Trends in men's clothing have changed over last few years. While fashion used to be an afterthought for our fathers, guys now are aware of their dressing sense. They are spending more money and more time on what's in their closet than some of their girlfriends. Image is everything and a properly dressed man instantly receives respect in the business world. Nothing screams respect more than a suit.


When it comes to finding the perfect suit, you need to look beyond the style of it and more into its fabric. Different fabrics will determine how well the suit will hold up, feel, and look. Knowing a little bit about the different types of fabrics can give you with a better understanding about which one to choose from. Here are some of the more common fabrics used for men's suits.




Linen - Sure lines is nice in its own way. It is a lightweight material and a little different from everyone else but that doesn't mean you should run out and buy a suit made from it. The problem with linen is that it wrinkles quickly, stains easily, and it looks out of date. A suit made from linen is not a good choice.

Polyester - Ok. Look the 70's are over and that means any style from that era should be thrown out and ignored just like disco was. That includes all your Polyester clothes, including your suits. The reason being that it's made from all sorts of chemicals and just not natural. You can get away with it if it's blended into wool only to not pay as much for a suit but that's about the only reason.


Microfiber - No. Absolutely no. Do not wear any suit made from microfiber unless it's for a Halloween costume.


Teflon - Stay as far away from Teflon as you would with microfiber. You're wearing a suit not a frying pan.




Tweed - Tweed is a very heavy wool fabric, popular in areas where it gets pretty cold. Yes, that was a joke. It can be kind of old fashioned as well. You'll notice a lot of fathers and grandfathers sport some pretty spiffy tweed suits. If you've noticed that you have put on the pounds recently and are showing it, steer clear of a suit made from tweed. It'll only make you look fatter.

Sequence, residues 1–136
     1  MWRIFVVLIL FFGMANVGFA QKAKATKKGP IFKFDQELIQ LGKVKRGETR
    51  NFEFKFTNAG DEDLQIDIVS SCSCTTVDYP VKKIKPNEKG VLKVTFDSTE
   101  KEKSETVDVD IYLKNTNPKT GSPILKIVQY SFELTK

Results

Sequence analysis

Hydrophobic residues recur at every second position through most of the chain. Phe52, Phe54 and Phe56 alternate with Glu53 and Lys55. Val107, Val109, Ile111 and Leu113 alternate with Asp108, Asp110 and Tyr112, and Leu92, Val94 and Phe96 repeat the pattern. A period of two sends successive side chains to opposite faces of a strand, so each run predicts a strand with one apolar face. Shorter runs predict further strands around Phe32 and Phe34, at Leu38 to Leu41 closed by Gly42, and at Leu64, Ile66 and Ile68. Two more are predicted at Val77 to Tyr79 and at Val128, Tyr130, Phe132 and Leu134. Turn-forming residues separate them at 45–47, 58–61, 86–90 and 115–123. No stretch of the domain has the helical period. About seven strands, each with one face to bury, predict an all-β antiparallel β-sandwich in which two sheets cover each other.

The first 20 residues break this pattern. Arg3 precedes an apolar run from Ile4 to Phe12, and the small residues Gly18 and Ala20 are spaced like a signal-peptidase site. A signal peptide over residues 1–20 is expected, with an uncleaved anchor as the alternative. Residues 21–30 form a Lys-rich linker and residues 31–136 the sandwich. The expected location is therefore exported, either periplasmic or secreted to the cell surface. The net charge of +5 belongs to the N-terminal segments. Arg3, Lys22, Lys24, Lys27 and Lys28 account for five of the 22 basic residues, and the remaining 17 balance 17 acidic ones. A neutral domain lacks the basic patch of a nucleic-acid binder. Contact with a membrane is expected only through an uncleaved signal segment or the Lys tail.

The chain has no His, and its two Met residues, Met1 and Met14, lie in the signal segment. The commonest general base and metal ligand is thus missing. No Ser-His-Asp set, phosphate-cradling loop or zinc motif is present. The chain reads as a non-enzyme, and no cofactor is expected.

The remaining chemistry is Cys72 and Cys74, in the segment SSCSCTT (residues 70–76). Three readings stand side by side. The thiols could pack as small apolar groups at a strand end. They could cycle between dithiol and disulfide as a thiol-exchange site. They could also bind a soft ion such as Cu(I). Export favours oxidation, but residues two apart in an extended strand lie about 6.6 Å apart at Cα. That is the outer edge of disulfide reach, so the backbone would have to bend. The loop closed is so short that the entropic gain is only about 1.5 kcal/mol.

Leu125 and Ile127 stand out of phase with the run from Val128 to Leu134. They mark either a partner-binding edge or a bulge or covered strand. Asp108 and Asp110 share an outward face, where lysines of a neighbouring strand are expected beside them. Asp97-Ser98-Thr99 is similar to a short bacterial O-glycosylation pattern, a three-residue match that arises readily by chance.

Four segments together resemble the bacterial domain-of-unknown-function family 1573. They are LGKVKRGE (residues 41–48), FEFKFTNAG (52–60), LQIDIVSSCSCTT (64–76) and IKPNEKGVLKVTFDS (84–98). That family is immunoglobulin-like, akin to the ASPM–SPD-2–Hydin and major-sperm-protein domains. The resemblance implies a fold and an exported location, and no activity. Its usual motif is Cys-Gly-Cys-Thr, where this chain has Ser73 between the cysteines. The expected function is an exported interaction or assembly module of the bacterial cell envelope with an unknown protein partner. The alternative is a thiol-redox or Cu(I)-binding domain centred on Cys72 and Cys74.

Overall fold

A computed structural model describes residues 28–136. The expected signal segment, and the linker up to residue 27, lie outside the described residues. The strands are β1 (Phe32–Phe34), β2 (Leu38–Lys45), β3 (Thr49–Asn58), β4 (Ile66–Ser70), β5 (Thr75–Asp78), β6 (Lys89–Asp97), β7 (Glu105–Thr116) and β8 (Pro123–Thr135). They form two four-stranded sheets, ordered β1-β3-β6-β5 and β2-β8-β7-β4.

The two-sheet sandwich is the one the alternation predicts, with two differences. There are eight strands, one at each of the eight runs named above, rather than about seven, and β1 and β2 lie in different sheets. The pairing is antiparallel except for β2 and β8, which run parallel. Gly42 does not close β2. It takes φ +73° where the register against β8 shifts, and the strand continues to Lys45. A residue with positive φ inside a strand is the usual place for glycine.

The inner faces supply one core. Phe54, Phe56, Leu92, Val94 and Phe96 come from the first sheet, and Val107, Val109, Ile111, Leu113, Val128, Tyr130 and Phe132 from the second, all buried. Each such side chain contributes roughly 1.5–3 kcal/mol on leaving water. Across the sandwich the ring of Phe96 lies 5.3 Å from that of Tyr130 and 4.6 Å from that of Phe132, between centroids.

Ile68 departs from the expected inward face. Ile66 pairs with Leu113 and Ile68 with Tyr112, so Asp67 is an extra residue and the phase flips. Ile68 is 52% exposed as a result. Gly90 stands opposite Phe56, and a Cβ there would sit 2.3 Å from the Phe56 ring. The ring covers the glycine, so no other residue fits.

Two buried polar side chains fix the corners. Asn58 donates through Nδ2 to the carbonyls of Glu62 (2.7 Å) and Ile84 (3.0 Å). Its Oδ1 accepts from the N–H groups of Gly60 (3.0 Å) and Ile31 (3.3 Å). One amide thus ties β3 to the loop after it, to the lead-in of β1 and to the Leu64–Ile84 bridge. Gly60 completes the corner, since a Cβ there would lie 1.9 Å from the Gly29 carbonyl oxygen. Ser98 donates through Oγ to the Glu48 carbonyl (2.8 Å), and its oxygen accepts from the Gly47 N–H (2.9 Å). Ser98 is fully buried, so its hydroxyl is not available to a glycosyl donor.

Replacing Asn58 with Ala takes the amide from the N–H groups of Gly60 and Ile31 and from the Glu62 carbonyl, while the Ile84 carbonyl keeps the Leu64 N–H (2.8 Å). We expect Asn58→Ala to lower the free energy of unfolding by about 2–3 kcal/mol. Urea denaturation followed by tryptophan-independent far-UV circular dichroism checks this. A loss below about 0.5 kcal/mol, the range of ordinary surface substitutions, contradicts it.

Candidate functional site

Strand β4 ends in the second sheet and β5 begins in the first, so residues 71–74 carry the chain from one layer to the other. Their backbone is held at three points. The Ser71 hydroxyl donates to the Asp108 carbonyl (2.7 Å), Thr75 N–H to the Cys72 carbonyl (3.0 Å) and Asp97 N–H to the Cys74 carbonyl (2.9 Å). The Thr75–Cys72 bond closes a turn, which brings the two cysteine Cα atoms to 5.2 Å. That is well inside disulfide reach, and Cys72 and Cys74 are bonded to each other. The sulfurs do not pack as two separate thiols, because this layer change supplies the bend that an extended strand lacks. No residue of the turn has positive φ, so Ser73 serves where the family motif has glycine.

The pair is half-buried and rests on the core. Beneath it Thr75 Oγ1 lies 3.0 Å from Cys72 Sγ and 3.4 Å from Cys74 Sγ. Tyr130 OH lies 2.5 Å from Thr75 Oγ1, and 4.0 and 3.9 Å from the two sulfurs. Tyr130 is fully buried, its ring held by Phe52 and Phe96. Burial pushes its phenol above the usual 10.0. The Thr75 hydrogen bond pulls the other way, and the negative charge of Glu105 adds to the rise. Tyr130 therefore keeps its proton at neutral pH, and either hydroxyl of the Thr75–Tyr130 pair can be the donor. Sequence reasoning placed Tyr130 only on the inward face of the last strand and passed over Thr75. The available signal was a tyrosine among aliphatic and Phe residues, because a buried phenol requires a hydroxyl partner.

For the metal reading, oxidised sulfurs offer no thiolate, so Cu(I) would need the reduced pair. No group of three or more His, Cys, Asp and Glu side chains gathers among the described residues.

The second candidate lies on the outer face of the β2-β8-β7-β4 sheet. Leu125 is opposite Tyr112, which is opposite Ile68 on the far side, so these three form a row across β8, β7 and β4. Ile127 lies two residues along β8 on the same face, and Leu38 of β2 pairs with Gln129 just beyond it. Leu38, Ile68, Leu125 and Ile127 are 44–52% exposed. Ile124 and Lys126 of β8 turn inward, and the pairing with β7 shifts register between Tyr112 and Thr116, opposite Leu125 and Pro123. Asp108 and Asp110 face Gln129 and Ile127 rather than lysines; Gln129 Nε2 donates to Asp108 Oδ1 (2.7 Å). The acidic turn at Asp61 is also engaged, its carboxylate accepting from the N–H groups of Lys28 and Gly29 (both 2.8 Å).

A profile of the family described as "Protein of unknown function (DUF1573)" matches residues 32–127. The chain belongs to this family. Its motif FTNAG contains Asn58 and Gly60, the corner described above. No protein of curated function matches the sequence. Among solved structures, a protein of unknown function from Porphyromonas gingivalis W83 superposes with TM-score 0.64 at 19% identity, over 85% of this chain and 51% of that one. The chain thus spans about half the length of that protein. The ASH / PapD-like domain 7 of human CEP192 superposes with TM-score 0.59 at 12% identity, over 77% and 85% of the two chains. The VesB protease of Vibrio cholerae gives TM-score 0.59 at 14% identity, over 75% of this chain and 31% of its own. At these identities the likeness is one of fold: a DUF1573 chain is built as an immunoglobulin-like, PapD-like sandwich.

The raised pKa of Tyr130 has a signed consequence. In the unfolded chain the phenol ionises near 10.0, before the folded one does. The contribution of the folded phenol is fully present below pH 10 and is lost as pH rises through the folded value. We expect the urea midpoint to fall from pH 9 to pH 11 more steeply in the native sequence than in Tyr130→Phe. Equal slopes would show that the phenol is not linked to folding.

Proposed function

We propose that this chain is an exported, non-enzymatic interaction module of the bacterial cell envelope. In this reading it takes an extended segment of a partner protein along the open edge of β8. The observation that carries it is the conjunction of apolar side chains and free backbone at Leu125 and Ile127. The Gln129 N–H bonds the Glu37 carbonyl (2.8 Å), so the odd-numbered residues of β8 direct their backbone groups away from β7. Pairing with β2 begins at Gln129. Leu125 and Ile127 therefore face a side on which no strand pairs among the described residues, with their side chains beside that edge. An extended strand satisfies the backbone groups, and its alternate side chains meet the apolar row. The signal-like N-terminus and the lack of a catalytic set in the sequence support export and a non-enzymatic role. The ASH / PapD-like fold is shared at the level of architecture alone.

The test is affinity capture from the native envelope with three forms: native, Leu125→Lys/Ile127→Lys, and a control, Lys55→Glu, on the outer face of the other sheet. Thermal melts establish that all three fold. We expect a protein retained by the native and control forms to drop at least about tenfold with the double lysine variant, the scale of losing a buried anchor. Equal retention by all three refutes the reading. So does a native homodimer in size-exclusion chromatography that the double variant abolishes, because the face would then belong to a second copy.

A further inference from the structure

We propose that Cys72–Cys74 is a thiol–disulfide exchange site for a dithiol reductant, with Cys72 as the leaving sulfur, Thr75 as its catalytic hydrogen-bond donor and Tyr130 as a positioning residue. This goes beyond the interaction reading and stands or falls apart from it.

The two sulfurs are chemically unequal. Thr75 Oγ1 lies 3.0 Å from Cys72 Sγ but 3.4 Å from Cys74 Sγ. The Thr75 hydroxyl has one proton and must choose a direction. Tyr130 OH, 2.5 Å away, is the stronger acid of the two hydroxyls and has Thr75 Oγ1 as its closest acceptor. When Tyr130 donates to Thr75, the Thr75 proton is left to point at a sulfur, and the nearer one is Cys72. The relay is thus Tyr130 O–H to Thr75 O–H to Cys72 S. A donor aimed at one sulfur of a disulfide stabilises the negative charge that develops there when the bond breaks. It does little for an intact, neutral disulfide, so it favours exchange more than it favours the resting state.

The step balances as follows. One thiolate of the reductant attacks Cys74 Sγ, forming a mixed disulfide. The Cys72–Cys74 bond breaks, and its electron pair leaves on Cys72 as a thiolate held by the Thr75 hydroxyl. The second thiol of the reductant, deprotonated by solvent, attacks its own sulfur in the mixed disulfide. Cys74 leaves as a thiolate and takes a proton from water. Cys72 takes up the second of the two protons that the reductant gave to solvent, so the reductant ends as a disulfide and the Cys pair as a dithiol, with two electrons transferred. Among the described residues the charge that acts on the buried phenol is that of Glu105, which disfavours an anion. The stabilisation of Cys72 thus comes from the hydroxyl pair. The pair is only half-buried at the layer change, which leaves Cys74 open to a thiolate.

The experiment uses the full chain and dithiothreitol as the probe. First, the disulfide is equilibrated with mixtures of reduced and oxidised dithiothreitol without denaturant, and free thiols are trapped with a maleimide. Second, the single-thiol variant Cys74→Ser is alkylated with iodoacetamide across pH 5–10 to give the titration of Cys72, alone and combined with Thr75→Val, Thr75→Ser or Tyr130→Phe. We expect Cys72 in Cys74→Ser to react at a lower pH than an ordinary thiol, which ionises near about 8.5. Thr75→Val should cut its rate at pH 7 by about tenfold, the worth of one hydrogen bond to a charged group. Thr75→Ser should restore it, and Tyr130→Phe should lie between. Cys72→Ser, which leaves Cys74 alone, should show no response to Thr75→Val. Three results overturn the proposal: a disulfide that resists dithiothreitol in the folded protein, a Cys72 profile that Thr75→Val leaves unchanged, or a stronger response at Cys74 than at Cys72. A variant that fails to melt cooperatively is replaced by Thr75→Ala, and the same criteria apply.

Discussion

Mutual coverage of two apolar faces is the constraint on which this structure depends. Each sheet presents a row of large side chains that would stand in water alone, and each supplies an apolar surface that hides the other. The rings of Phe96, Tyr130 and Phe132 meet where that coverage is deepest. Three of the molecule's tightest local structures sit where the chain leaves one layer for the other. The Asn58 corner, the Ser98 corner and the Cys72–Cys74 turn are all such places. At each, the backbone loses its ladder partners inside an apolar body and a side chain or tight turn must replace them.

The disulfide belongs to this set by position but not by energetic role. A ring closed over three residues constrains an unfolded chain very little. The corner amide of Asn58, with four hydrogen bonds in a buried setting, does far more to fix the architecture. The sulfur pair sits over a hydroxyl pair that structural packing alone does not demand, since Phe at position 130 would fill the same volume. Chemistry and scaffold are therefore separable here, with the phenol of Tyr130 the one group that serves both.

Flannel - Flannel suits are made from corded wools and are pretty heavy too. A suit made from flannel is known to be durable, very hard-wearing, and especially nice in a charcoal gray with classic pinstripes but you'll also look like you'll be wearing your long flannel underwear to a formal event. Flannel makes a nice fabric for items such as pajamas but as for suits go, not so much.


Tropical - The type of wool crepe is a lightweight and light-colored fabric. Because it is a lighter fabric, tropical is more prone to wrinkle than any other fabric on this list. It really doesn't make a great material for a first starter suit.


Worsted - Now for the crme de crme. You cannot go wrong with buying a suit made from a Worsted fabric such as gabardines or mid-weight corded wools. It is durable, hard-wearing, and great for wearing throughout the year. Be sure to ask for a Worsted wool suit by name.


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